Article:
The Royal School enjoyed record numbers at its seventh annual ‘Grow For It’, a gardening and wildlife event hosted by Alan Titchmarsh.
This was a wonderful opportunity for The Royal School to share its beautiful grounds and exceptional outdoor learning facilities with over 600 children under 11 taking part in activities from pond dipping to mini-beast hunting, making a butterfly feeder to painting a rock bug, sowing grass caterpillars and planting a pot to take home.
The free event, brainchild of Alan Titchmarsh, is about connecting children with nature, increasing their understanding of the world around them and having fun outdoors! With technology playing an increasingly dominant role in our lives, Alan is concerned that children view the natural world as a spectator, rather than getting involved. Grow For It encourages children to get outside and get their hands dirty!
“I want to open children’s eyes to the wonder of nature in a fun and engaging way. The aim of the event is to help children develop an understanding of and respect for our living world and to foster a desire to protect our environment. Helping families get children outdoors is very important. It allows children the opportunity to observe what is around them and understand their place in the world,” explained Alan.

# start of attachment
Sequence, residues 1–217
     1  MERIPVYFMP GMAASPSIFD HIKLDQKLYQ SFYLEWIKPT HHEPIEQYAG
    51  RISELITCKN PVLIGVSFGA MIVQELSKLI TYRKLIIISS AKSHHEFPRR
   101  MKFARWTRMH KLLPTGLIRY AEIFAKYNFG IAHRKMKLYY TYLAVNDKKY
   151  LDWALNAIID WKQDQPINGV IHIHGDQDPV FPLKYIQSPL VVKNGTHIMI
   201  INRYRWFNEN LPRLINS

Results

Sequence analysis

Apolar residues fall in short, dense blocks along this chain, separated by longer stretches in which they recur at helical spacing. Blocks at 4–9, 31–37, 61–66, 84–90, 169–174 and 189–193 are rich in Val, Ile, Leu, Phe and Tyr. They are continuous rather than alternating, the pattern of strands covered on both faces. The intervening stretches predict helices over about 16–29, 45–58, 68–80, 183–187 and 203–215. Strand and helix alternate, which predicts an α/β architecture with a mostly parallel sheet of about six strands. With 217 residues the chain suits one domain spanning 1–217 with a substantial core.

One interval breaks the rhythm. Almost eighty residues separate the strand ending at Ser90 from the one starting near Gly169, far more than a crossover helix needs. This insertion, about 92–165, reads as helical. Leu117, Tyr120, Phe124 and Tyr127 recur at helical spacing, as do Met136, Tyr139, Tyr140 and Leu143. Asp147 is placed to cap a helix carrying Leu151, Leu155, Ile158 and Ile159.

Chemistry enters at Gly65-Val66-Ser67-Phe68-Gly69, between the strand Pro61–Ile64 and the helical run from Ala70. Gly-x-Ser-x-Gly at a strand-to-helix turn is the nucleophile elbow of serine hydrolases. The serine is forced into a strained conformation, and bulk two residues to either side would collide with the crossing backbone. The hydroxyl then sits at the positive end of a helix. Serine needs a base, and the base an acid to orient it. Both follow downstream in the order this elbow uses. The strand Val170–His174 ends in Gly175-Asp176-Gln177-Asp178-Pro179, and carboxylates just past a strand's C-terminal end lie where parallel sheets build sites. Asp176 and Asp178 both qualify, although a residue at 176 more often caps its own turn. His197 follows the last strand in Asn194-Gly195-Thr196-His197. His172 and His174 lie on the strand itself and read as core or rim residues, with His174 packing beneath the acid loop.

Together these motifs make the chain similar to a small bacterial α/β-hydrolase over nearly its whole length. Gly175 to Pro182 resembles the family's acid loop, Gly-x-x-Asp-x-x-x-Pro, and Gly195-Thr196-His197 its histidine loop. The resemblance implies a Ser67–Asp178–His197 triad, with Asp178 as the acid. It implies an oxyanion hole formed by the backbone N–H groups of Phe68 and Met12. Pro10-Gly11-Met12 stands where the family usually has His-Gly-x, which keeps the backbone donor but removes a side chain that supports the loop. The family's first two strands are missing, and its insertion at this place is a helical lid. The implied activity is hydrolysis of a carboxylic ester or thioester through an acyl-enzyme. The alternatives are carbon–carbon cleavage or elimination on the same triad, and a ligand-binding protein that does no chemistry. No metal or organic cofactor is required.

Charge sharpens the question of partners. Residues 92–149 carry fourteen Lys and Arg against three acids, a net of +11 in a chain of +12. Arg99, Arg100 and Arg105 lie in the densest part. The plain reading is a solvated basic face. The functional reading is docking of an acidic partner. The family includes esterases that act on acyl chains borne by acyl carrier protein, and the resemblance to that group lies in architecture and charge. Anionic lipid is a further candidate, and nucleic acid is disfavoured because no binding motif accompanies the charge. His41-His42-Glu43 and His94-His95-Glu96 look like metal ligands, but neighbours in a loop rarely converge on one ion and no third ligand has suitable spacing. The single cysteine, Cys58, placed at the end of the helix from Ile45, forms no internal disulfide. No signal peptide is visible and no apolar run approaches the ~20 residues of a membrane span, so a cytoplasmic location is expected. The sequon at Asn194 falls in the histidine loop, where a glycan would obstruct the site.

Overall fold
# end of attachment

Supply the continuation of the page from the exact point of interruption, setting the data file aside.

Alan also explained that issues such as climate change can feel too large to deal with as an individual, but that if we all do something small to improve our outdoor space then those little things can make a huge difference.
“Small things do make a difference,” continued Alan. “For example, if you plant a flower that is good for pollinating insects you will have bees and butterflies there in hours! The power of gardening and gardeners should not be underestimated.”
When he was asked why gardening is so important, Alan responded, “I believe gardening feeds our bodies and our souls. Being outdoors allows children (and adults!) to feel a sense of release and lets the imagination soar.”
Grow For It culminated in a wonderful Q&A session with enthusiastic questions from the children including, “What is your favourite plant?” and “What can we do about worms inside our raspberries?”